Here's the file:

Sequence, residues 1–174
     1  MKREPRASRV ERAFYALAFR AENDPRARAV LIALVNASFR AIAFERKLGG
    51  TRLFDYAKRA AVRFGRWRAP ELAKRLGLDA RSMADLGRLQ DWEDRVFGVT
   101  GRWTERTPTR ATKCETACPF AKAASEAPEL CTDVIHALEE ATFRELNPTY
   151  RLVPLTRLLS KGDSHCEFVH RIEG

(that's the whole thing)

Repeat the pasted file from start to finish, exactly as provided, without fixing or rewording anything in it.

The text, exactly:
Sequence, residues 1–174
     1  MKREPRASRV ERAFYALAFR AENDPRARAV LIALVNASFR AIAFERKLGG
    51  TRLFDYAKRA AVRFGRWRAP ELAKRLGLDA RSMADLGRLQ DWEDRVFGVT
   101  GRWTERTPTR ATKCETACPF AKAASEAPEL CTDVIHALEE ATFRELNPTY
   151  RLVPLTRLLS KGDSHCEFVH RIEG